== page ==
Re: Author Publication Charge Debate

From: Michael Eisen <>
Date: Sat, 10 Jan 2004 23:25:57 +0000

    [Moderator's Note: Redirected from the "Archivangelism" thread
     to this existing thread, which corresponds more closely to its
     subject matter.]


It's a fundamental misconception to frame the issue this way. Framing this
as a "reader pays v author pays" question makes it sound like their is some
fundamental conflict between the interests of readers and authors who, I
probably need not point out to this audience, are mostly the same people.

The question is not who should pay - readers don't pay now and authors
wouldn't pay under the open access model - in either case, the overwhelming
majority of the money that supports scientific publishing comes from the
governments, independent funding agencies, universities and other research
organization that support research.

The question is how should they (the institutions that fund science) pay?
What system best advances their interests as sponsors of scientific
research. Should they continue using a system (the "reader pays" model) that
is economically inefficient, unnecessarily expensive and needlessly restrict
who can access to the papers that describe the results of the research they
have funded, or should they use a system that will almost certainly be
cheaper, will ensure that everyone in the world has immediate free access to
their scholarly output and will encourage (rather than inhibit) creative new
uses of the scientific literature.


Michael Eisen, Ph.D. (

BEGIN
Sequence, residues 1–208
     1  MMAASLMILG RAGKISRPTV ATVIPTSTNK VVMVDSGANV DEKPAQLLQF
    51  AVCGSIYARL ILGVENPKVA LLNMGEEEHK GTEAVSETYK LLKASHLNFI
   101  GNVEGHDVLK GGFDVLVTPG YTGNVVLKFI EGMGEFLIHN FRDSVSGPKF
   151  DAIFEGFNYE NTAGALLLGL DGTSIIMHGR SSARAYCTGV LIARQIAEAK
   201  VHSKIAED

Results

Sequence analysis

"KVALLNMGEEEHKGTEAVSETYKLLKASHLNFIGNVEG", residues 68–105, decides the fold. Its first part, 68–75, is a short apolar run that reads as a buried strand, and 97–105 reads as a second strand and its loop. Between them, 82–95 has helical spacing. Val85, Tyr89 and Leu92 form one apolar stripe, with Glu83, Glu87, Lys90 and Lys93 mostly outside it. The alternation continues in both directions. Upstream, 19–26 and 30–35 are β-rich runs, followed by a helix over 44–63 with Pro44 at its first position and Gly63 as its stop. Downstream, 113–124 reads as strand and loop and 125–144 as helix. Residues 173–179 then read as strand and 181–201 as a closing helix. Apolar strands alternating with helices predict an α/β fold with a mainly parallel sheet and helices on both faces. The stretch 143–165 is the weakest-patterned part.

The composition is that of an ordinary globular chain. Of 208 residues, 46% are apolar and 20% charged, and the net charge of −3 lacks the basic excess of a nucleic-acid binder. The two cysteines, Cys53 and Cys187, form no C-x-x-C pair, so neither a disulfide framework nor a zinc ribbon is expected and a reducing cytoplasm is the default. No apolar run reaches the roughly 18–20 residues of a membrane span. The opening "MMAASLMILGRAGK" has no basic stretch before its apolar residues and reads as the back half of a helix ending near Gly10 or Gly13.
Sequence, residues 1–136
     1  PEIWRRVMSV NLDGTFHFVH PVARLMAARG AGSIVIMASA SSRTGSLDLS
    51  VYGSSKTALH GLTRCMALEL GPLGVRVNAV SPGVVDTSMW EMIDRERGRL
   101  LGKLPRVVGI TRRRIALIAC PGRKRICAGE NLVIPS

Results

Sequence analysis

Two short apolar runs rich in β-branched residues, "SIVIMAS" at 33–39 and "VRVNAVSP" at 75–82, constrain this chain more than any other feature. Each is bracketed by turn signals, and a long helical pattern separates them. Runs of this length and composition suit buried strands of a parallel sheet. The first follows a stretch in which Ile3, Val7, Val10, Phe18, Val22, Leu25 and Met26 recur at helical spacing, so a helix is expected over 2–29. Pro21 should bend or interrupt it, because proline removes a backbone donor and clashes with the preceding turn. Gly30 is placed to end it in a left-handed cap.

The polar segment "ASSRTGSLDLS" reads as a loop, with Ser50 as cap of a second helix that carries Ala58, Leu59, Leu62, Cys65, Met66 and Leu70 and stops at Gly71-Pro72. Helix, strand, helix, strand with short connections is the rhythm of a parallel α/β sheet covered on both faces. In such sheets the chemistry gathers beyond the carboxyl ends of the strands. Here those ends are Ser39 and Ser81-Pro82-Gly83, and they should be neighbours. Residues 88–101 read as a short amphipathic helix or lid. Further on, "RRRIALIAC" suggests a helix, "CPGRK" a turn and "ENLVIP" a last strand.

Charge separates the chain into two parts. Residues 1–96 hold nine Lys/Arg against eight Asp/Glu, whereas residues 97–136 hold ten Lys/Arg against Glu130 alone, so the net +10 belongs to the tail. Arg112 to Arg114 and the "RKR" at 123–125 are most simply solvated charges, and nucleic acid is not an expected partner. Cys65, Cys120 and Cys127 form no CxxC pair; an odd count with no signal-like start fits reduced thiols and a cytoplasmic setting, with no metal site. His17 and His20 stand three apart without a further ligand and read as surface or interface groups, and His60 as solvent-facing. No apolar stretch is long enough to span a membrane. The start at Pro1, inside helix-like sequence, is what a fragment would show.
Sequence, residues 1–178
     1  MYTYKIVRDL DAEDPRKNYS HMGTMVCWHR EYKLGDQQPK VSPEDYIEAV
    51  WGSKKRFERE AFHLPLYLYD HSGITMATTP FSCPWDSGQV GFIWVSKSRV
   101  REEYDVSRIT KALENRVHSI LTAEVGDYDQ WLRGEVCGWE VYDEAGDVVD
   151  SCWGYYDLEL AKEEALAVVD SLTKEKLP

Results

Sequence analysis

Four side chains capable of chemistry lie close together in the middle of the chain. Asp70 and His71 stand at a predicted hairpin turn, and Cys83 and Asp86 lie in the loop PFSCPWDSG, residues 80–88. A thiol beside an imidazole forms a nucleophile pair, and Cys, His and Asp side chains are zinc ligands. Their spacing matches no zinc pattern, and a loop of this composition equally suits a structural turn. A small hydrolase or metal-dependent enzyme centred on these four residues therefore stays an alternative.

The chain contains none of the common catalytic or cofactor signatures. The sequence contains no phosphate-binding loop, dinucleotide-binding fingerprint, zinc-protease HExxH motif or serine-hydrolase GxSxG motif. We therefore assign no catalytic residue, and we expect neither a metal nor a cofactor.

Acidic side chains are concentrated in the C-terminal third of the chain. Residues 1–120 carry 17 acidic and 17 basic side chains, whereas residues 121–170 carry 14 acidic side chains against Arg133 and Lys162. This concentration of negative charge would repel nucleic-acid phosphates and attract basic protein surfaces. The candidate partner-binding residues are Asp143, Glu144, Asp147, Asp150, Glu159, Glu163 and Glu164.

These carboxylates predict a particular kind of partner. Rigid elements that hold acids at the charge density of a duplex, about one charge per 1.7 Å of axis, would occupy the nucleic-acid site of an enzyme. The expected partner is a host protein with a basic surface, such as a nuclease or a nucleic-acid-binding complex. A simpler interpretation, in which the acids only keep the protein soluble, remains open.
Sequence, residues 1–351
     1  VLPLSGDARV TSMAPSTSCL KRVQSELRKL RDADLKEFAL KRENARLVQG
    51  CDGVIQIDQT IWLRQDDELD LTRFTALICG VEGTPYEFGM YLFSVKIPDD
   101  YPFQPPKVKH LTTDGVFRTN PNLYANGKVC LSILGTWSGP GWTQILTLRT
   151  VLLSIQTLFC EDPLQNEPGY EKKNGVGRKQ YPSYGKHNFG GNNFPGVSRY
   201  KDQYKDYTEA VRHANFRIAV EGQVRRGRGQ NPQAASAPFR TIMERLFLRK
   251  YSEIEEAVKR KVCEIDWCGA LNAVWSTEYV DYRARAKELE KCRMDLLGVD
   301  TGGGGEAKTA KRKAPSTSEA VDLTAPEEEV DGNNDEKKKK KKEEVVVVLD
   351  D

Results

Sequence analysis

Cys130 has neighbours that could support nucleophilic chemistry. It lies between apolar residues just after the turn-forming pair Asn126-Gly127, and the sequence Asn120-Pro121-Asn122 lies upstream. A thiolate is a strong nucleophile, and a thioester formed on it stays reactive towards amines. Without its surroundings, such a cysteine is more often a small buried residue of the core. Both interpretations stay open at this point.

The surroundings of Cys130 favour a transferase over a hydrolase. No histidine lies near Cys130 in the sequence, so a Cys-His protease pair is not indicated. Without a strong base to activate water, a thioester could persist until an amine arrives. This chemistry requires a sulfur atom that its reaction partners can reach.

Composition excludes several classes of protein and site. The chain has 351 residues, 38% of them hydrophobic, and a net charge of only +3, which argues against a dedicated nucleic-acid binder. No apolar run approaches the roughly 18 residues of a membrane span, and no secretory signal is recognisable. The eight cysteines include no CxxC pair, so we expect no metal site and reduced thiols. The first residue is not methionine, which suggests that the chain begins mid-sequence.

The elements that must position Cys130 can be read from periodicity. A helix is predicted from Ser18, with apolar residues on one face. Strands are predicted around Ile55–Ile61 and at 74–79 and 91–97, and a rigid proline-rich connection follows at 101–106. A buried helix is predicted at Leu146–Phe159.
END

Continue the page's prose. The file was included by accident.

Lawrence Berkeley National Lab and
Department of Molecular and Cell Biology
University of California at Berkeley

Lead the Next Scientific Revolution
Publish Your Best Work in PLoS Biology

----- Original Message -----
From: "Iain Stevenson" <w.i.stevenson_at_CITY.AC.UK>
Sent: Saturday, January 10, 2004 2:32 PM
Subject: Re: Archivangelism

> Matthew Cockerill wrote:
> > There is still genuine irony in the claim that 'both forms of access can and
> > do provide "free at point of use" access'
> >
> > Subscription-only content is free at point of use, *if* your institution
> > pays for it and you are accessing from a context in which you gain access to
> > your institutional access rights.
> >
> > Open Access content is unconditionally free at point of use to anyone at any
> > time.
> Matthew is being disingenous. Open-access CANNOT be free compared to
> subscription journals because authors pay and when they can't, they don't
> get past first base.
> It has not been explained to me what the fundamental difference is
> between a library subscribing to a journal so a member can read it
> for "free" or in another part of the forest, a research funder paying
> a publication access fee so the same reader can read it for free at
> biomedcentral? both models have costs hidden from the reader, but the
> costs are real nonetheless.
> It couldn't be (wicked thought) that Matthew has a competitive commercial
> publication model to promote--or perhaps milkmen in his neighbourhood
> pay him to deliver his breakfast pinta!
> Seriously, I'm not arguing that either model is better than the other--they
> are opposite sides of the same medal. I don't believe in fairies, santa
> claus or toll-free publishing. Every act of publication MUST involve real
> costs in the information chain. An archiving system isn't just "there";
> someone pays for it, ditto the access fees that pay Matthew's salary.
> Nothing wrong with that, but don't claim that it's just "economics". Si
> eppur muove, as a certain non-peer reviewed scientist once remarked, but
> then he took on the Vatican.........
Received on Sat Jan 10 2004 - 23:25:57 GMT

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